Caring for Family

Getting Grandparents up to Speed on Baby Care

Getting Grandparents up to Speed on Baby Care

A grandparent's love is a special gift for your child. Grandparents who live far away may stay close via phone, Skype or social media as the weeks fly by. Those who live nearby may be more frequent visitors or even regular caregivers for your child.

When grandma or grandpa comes over to babysit, you may breathe a sigh of relief. A grandparent has so much love for your child; there couldn't be anyone more highly qualified to spend time with your baby! However, you may also have concerns about getting grandparents up to speed on the latest in baby care and child safety.

The rules of baby care have changed since the last time many grandparents changed a diaper. Back then there were no apps or nurse hotlines to answer health questions. Video baby monitors didn't exist and babies were put to sleep in whatever position was most comfortable with loose blankets tucked around them.

Given the new and changing guidelines for keeping babies safe, it's important to have a conversation about baby care basics. Grandparents may not completely agree with your choices as a parent, but they should honor your wishes and be open to new ways of doing things. Grandparents are loaded with good advice too, so be sure to give them a chance to share wisdom. Working together as a team is good for baby and the whole family.

Talk About Safety

Consider creating checklists with reminders for diapering, feeding and bathing baby. Post them next to the baby changing station, bathroom or refrigerator. Writing down your preferences can help grandparents and caregivers navigate these steps more easily. Here are some general safety tips for grandparents and other caregivers:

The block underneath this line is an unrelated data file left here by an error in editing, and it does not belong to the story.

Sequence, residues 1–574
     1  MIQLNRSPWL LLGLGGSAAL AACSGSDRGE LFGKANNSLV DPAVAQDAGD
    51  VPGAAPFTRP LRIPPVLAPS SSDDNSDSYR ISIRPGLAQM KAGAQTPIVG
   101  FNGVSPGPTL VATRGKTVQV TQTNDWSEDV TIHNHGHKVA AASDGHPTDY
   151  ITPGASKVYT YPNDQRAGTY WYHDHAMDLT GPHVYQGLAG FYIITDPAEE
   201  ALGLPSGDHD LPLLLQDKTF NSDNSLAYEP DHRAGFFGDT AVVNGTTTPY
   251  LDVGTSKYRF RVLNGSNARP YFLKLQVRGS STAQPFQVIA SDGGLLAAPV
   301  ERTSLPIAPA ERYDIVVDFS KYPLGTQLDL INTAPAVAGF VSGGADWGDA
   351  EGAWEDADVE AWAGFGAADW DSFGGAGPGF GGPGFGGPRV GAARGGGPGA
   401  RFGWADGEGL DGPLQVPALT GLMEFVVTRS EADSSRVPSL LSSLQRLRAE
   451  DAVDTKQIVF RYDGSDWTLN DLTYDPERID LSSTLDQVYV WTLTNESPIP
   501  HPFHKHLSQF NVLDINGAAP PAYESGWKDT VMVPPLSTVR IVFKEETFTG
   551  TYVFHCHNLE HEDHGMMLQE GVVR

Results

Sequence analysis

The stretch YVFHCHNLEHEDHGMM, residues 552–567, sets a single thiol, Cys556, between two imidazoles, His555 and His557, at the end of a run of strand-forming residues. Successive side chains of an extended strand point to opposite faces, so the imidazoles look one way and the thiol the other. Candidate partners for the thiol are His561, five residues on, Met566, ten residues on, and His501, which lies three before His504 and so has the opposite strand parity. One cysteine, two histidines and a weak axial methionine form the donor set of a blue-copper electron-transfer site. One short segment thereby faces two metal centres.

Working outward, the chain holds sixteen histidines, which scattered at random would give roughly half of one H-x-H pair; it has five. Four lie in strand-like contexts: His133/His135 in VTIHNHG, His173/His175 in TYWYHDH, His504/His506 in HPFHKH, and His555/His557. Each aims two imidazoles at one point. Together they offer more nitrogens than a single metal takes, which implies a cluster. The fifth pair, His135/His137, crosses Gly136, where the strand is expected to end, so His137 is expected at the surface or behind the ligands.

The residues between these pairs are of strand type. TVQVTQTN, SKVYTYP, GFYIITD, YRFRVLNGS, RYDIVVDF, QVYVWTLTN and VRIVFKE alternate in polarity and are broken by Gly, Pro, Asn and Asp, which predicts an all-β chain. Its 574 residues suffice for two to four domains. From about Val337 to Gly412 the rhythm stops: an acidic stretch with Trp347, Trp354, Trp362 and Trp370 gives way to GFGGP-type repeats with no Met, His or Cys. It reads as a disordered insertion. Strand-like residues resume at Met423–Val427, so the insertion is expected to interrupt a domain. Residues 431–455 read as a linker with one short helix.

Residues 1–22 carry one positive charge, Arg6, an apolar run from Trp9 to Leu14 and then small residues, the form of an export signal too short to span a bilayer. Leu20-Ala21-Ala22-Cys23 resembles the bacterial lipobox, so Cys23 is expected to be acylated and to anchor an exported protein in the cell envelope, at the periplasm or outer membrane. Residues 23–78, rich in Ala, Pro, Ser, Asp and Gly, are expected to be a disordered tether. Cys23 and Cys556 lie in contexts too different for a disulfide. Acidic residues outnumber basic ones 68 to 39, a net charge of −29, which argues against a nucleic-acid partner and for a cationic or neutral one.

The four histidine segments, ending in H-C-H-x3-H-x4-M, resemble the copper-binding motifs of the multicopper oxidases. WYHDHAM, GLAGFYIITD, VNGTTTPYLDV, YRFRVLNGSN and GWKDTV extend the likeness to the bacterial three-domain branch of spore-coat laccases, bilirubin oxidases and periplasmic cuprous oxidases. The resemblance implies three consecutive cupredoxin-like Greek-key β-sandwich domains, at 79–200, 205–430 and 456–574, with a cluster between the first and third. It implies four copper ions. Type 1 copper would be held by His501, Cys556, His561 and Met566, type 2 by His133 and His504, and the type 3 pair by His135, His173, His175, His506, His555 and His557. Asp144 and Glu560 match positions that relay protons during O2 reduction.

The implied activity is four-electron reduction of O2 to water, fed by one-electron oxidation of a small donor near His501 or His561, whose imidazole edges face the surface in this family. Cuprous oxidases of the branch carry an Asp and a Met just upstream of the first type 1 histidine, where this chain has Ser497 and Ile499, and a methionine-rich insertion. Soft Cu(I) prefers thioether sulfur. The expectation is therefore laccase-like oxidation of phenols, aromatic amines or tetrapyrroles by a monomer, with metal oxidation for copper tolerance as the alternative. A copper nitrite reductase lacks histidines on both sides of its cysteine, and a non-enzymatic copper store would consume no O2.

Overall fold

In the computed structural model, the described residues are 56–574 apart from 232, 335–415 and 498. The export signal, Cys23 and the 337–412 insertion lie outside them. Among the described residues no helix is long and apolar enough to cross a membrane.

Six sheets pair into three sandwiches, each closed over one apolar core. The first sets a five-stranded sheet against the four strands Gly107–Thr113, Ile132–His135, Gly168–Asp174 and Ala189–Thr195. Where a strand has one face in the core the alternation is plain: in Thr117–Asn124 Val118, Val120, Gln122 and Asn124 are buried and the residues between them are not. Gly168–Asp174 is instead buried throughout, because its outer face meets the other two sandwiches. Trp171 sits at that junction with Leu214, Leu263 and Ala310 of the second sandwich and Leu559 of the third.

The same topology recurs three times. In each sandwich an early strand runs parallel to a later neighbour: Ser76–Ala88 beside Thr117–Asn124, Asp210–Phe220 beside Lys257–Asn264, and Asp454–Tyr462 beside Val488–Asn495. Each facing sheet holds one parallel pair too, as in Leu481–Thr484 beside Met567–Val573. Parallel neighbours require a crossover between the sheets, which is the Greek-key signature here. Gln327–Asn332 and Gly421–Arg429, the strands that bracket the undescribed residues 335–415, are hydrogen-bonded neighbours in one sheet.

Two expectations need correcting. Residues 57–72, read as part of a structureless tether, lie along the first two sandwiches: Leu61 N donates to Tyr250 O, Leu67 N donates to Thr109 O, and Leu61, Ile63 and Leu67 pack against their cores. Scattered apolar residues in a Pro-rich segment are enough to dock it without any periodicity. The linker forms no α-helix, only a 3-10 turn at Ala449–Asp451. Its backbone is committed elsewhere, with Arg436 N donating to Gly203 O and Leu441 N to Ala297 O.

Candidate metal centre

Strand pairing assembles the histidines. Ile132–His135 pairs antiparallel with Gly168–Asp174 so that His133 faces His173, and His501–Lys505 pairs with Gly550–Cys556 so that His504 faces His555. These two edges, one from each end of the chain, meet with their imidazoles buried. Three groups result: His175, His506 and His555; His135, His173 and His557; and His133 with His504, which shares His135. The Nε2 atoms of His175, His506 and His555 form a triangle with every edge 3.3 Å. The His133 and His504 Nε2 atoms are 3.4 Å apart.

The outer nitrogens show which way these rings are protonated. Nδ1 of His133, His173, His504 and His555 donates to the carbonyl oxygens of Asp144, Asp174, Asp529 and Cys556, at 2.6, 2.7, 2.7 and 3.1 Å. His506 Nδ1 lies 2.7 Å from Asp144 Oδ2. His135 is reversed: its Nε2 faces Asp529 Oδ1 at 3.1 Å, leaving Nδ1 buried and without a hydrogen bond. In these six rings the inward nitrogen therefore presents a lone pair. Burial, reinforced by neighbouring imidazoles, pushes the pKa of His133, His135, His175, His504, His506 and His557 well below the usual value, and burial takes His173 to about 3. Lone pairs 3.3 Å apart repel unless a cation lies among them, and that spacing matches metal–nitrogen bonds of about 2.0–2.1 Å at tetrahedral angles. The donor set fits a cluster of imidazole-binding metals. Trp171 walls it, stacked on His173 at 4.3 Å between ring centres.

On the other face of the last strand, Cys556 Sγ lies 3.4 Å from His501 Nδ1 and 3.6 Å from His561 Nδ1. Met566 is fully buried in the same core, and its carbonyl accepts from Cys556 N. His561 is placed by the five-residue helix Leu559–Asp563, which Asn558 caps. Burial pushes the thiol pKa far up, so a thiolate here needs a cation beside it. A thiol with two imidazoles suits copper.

• Always use an age–appropriate car seat when transporting baby. Learn more about car seat safety as baby grows.
  • Put baby to sleep on his or her back at naptime and nighttime. Remove blankets and soft toys from the crib.
  • If a child becomes ill, check with the child's doctor or parent before administering medicine.
  • Childproof the grandparent's home before your child visits. This becomes important as baby learns to crawl and walk. Tie up window blind and drapery cords, install safety gates and plug outlets with covers.
  • Keep medications out of sight and locked away. If grandparents carry medications in a pill box, be sure to lock it away in a secure place.
  • Avoid feeding children under 4 peanuts, popcorn, raw vegetables, hard fruits, whole grapes or cherries, or hard candies.
  • Follow the age guidelines when choosing safe toys. Manufacturers generally consider both safety and developmental readiness when determining age–appropriateness.

Although the guidelines for grandparenting may change, one thing stays the same — grandparents get to have all the fun! When grandparents spend time with baby, they are building a special bond that's made out of giggles, hugs, peek–a–boo and the simple words "I love you!"